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Explaining the ideas behind the “Internet of Things”

You never know whether it’s worth paying attention to the latest buzzphrase or not. Will it be around five years from now? Or will it fade away?

Well, one phrase worth paying attention to is the “Internet of Things” (sometimes abbreviated, by jargon fans, as IoT).

But what is it? Here’s one explanation, from the McKinsey Quarterly:

In what’s called the Internet of Things, sensors and actuators embedded in physical objects—from roadways to pacemakers—are linked through wired and wireless networks, often using the same Internet Protocol (IP) that connects the Internet. These networks churn out huge volumes of data that flow to computers for analysis. When objects can both sense the environment and communicate, they become tools for understanding complexity and responding to it swiftly. What’s revolutionary in all this is that these physical information systems are now beginning to be deployed, and some of them even work largely without human intervention.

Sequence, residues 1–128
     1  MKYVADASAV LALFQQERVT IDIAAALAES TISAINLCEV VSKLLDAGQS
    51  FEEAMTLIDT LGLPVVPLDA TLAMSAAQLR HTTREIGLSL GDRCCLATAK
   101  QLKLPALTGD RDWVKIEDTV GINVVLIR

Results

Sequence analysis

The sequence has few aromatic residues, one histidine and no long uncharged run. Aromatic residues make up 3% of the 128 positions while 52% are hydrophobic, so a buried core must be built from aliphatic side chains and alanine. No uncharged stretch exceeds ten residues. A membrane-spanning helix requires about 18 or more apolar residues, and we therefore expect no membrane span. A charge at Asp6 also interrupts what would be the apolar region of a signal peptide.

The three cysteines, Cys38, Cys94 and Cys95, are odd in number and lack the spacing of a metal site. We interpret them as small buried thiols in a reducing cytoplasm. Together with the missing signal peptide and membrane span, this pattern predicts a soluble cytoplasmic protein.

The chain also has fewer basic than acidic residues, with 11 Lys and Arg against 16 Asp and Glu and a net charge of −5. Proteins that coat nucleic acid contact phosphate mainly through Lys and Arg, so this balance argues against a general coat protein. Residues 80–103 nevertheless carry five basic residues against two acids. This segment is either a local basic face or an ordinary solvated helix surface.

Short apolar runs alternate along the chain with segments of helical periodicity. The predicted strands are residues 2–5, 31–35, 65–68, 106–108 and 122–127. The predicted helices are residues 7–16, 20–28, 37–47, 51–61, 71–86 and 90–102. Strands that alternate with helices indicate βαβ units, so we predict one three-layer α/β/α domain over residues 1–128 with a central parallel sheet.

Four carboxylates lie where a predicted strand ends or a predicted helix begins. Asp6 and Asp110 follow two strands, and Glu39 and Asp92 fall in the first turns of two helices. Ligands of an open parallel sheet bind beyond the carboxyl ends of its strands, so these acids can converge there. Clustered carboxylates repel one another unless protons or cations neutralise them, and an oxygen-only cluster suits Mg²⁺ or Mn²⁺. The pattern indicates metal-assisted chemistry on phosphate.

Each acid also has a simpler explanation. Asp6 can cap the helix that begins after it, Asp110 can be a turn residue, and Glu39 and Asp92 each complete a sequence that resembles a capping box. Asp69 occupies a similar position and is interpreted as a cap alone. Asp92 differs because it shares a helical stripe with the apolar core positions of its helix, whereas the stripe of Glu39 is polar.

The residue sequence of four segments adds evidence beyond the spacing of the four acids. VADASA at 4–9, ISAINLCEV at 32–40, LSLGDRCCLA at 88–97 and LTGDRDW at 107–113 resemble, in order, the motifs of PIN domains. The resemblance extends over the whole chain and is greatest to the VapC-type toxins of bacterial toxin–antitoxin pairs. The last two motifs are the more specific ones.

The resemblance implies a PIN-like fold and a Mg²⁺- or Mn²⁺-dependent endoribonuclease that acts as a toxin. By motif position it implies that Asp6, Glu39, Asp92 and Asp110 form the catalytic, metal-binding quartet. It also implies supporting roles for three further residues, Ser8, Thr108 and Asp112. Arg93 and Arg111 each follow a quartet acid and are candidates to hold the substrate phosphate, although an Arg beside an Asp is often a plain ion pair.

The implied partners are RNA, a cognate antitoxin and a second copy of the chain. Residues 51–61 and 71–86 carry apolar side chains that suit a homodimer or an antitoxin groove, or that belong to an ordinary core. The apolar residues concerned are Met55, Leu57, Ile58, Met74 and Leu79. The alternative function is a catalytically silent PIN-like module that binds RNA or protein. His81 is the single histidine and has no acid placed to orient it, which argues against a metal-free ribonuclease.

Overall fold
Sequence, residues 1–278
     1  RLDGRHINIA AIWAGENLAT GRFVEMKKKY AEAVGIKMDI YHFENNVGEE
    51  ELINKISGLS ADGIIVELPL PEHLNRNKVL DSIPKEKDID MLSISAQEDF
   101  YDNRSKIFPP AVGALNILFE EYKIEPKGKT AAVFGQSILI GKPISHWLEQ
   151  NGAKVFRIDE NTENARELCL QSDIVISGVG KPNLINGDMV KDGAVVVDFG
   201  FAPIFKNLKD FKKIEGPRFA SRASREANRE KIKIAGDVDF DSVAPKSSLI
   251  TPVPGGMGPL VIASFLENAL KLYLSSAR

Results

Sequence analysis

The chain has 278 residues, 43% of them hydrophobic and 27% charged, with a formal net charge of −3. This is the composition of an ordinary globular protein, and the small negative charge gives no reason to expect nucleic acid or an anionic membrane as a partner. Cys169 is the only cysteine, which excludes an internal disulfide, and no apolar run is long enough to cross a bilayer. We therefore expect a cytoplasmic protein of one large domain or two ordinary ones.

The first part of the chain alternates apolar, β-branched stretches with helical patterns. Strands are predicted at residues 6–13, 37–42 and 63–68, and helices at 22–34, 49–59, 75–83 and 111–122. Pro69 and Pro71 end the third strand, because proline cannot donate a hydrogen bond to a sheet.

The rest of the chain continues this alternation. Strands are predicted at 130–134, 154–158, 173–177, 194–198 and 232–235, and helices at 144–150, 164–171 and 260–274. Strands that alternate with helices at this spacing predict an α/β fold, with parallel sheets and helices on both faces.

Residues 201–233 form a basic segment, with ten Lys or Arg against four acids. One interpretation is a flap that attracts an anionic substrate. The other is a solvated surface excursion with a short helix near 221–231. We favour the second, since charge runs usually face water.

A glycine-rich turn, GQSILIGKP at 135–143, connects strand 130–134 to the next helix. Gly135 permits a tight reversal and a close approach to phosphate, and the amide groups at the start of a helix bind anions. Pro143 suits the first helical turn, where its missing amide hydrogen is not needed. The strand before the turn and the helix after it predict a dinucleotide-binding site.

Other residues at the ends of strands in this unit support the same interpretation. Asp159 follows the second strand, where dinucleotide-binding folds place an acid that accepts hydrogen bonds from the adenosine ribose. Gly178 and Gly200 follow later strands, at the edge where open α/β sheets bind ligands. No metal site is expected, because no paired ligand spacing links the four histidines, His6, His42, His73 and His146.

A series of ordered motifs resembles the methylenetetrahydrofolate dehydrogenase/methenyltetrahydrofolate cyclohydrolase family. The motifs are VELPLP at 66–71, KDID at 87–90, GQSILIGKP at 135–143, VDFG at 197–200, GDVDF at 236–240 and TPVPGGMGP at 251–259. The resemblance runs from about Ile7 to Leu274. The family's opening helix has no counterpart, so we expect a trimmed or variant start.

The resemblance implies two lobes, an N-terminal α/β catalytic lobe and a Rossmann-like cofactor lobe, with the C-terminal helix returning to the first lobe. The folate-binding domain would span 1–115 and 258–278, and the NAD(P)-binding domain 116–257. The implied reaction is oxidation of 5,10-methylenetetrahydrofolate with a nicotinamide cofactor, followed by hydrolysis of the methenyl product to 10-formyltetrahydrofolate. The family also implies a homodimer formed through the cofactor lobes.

And this video does an excellent job of explaining it, too:

Want to delve into the topic further? Here are three articles:

  1. McKinsey Quarterly
    What’s the significance of the Internet of Things? In part, it’s the new business models and processes that will result.
  2. ReadWriteWeb
    Will it be cost effective to put sensors in just about everything? Maybe. ReadWriteWeb delves into the possibilities.
  3. Singularity Hub
    “Massive data collection could change the world,” according to this article. “Companies all over the globe are working on ways to use tracking and internet connectivity to give new digital life to physical objects and locations.”

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